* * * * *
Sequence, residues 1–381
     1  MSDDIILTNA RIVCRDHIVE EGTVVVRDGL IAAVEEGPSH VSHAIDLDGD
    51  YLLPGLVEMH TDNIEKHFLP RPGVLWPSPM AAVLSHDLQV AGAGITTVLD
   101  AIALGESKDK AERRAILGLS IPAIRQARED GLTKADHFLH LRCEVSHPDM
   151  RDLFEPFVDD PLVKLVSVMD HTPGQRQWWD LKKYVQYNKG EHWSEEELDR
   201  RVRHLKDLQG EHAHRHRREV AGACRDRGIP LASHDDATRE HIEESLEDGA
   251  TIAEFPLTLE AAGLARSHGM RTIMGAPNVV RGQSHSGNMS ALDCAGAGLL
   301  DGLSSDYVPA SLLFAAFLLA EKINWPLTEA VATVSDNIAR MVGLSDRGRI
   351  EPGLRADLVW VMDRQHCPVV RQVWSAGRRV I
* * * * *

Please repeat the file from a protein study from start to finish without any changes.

Sequence, residues 1–381
     1  MSDDIILTNA RIVCRDHIVE EGTVVVRDGL IAAVEEGPSH VSHAIDLDGD
    51  YLLPGLVEMH TDNIEKHFLP RPGVLWPSPM AAVLSHDLQV AGAGITTVLD
   101  AIALGESKDK AERRAILGLS IPAIRQARED GLTKADHFLH LRCEVSHPDM
   151  RDLFEPFVDD PLVKLVSVMD HTPGQRQWWD LKKYVQYNKG EHWSEEELDR
   201  RVRHLKDLQG EHAHRHRREV AGACRDRGIP LASHDDATRE HIEESLEDGA
   251  TIAEFPLTLE AAGLARSHGM RTIMGAPNVV RGQSHSGNMS ALDCAGAGLL
   301  DGLSSDYVPA SLLFAAFLLA EKINWPLTEA VATVSDNIAR MVGLSDRGRI
   351  EPGLRADLVW VMDRQHCPVV RQVWSAGRRV I